If you suffer from cat-related allergies, you’re likely looking for a hypoallergenic cat. But are ragdoll cats hypoallergenic?
Unfortunately, ragdolls are not hypoallergenic. Though ragdolls have fluffy fur, they do not possess an undercoat as most domesticated cats do. Because of this, ragdolls have been known to shed less. However, most people who suffer from cat allergies are allergic to a cat’s saliva and dander.
Allergies are complicated, and there’s more to this answer than the simple explanation provided above. So if you’re curious about how cat allergies work and how to care for a long-haired cat like a ragdoll, keep reading!
Are ragdolls a good breed for people with cat allergies?
This is likely a better question than whether or not a ragdoll cat is hypoallergenic, as avoiding triggers like cat saliva and skin is basically impossible when you have a cat at home. However, some cats are more allergy-friendly than others. Is the ragdoll one of them?
Yes! Ragdoll cats get their reputation for being “hypoallergenic” due to their lack of undercoat, which means they shed less often. In fact, many long-haired cats have been known to be better choices for those who suffer from allergies because the long, thick fur keeps allergic skin proteins in more efficiently than a short-haired cat.
How can I reduce allergic reactions in my home?
With proactive prevention, it’s possible to have a cat in your home even if you have mild allergies. Here are a few tips to keep allergens down at home:
- Brush your cat regularly. Take some allergy meds before getting to it, because brushing your cat’s fur will likely release dander into the air. However, the trade-off is worth it because your cat will be cleaner and more comfortable afterwards! It also helps gather up loose hair to prevent shedding at home, which reduces the level of dander in the environment.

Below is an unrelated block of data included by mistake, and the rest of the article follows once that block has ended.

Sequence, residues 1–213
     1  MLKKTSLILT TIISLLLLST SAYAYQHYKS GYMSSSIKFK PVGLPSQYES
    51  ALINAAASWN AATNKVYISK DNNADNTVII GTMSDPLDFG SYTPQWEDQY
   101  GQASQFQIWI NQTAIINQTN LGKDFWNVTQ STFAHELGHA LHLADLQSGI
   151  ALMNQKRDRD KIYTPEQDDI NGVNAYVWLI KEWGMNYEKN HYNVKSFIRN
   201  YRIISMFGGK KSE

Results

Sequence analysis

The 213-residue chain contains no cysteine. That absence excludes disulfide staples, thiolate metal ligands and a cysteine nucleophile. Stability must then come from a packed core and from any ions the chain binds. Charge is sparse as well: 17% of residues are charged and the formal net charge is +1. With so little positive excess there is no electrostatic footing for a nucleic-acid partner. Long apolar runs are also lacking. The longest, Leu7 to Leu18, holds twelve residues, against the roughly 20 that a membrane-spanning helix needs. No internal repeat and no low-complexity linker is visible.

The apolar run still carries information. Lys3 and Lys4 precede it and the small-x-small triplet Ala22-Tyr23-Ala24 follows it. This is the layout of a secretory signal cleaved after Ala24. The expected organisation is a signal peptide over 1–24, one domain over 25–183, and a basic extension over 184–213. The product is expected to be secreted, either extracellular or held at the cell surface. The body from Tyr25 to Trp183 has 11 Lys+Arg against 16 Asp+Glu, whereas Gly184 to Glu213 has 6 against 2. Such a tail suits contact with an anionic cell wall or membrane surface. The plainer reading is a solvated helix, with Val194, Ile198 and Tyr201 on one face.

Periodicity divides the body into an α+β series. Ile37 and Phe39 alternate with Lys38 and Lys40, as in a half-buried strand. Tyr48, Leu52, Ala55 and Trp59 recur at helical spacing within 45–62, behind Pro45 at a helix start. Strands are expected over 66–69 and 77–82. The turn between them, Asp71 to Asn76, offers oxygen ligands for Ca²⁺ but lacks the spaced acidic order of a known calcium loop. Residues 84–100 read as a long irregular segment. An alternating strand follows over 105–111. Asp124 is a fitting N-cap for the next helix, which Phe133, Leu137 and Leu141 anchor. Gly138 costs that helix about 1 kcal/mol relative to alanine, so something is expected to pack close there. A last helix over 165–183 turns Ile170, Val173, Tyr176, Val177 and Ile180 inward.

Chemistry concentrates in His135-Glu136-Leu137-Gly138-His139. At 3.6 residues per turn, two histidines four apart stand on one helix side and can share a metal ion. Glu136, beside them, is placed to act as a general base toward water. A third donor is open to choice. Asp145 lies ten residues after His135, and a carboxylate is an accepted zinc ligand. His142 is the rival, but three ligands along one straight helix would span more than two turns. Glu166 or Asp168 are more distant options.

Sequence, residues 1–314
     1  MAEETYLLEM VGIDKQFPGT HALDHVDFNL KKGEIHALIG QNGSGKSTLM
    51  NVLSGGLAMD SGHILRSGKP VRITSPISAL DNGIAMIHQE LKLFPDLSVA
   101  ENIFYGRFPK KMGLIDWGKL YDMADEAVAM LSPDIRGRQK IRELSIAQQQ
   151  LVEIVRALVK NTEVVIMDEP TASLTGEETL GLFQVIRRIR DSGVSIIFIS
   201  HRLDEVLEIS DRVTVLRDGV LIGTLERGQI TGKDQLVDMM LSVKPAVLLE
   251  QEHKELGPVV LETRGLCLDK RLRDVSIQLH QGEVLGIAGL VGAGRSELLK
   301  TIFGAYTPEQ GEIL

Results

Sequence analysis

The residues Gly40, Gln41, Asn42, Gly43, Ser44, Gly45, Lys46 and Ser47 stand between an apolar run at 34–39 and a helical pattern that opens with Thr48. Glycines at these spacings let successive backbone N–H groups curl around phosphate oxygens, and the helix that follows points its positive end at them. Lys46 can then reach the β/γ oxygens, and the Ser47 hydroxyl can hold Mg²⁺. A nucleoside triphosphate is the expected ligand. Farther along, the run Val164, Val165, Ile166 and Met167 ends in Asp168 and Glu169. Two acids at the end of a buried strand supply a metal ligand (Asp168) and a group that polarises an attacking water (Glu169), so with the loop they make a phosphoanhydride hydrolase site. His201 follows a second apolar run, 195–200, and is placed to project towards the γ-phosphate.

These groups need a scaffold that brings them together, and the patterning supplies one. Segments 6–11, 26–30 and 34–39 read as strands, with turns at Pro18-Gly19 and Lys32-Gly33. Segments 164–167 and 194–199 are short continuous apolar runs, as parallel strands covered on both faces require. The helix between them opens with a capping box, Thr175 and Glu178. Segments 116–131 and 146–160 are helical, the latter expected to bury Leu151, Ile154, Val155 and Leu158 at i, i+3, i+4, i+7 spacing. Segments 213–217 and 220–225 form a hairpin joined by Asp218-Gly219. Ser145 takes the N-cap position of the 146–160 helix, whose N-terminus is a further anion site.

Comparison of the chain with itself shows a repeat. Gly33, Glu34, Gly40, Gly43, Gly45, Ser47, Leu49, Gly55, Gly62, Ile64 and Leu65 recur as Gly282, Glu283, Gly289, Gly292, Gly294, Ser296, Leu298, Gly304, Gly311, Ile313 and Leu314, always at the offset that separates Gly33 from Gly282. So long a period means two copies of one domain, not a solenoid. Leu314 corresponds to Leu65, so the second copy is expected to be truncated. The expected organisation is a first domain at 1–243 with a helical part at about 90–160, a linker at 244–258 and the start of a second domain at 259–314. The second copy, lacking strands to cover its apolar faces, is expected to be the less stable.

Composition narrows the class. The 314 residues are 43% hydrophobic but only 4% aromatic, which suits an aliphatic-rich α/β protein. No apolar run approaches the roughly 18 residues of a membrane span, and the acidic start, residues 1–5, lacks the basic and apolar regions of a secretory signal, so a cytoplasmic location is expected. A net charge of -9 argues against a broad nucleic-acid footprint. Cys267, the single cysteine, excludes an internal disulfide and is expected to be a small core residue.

- Vacuum. If you’ve been wondering whether or not that fancy pet hair vacuum is worth it, now’s the time to find out! Allergens can stick in the environment for a long time, and regularly vacuuming loose hair and dust from your environment can do a world of good for an allergy sufferer.
- Don’t let your cat sleep in your bed. Though it may be tempting to cuddle your kitty at night, the fur and dander in your bed will interrupt your sleep in the end!
- Wash your hands. After interacting with your cat, it’s a good idea to wash your hands, especially before touching sensitive areas like your face or eyes. Even if your allergies or mild, exposure to your mucus membranes can trigger an uncomfortable allergic reaction!
- Wash your cat’s bed and toys. Anywhere your cat hangs out deserves special attention, including beds, pillows, or rugs. Wash these items regularly to remove dander and extra fur. If your cat has washable fabric toys, go ahead and throw those in, too! This will remove allergens so you can get back to playtime.
- Get an air filter. A good air filter can remove tiny allergens from the air in your home, producing fresher, cleaner air for you and your cat. If your pet also has allergies, this can be a double-whammy!
Do I need to brush my ragdoll?
Yes! Like any long-haired breed, ragdolls need regular brushing. Brushing your cat ensures they have a healthy, tangle-free coat, allowing them to feel more comfortable and more easily groom themselves.
Pay attention to spots like the belly (your cat may not like this, but give it a try!) and between the legs and armpits – mats are more likely to form in these hard-to-reach zones. If you’re a proactive groomer, you can prevent the formation of uncomfortable tangles that need to be cut or shaved out.
Mats can also pinch your cat’s skin and cause pain or discomfort. If the mat has been present over a long period, infections can form on the skin beneath the fur.
How often should I brush my ragdoll?
Though ragdolls require less frequent brushing than other long-haired breeds due to their single coat, you should still brush your ragdoll cat at least twice a week.
What causes cat allergies?
For those who suffer from allergies, an allergic response is triggered by exposure to particular proteins. For most cat-related allergies, these proteins are found in cat saliva and dander (skin particles).
When your body comes into contact with these proteins, your immune response attacks them, as it interprets these as something dangerous. This immune response causes common allergy symptoms such as sneezing, runny nose, swollen eyes, and hives.
Because the protein responsible for most cat allergies is present in saliva and skin particles (things you can’t avoid in a cat!), it’s basically impossible to have a truly hypoallergenic cat, even if they don’t have any hair at all!
Are cat allergies common?
Definitely! Allergies to cats are quite common. In fact, cat allergies are twice as common as dog allergies!
The reason these allergies are more common has to do with the size and shape of the protein molecule that causes them – the feline FelD1 protein is about one-tenth the size of a dust allergen. It can stay airborne for hours, easily making it ubiquitous in your environment.
The protein is also incredibly sticky, causing it to stay on human skin for longer periods of time. This is also why handwashing after handling cats is important!